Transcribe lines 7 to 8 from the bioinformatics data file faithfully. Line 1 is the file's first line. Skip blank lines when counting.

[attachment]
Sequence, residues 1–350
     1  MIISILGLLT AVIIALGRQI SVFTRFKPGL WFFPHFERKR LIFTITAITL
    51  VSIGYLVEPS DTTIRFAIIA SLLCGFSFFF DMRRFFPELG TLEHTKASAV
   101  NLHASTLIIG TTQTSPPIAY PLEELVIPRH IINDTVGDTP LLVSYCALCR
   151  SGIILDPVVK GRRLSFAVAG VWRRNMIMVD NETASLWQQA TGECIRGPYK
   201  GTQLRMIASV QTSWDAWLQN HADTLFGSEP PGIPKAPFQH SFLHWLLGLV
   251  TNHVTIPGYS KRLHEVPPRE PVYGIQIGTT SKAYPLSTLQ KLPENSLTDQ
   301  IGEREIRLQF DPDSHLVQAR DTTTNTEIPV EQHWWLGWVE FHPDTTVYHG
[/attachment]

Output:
   251  TNHVTIPGYS KRLHEVPPRE PVYGIQIGTT SKAYPLSTLQ KLPENSLTDQ
   301  IGEREIRLQF DPDSHLVQAR DTTTNTEIPV EQHWWLGWVE FHPDTTVYHG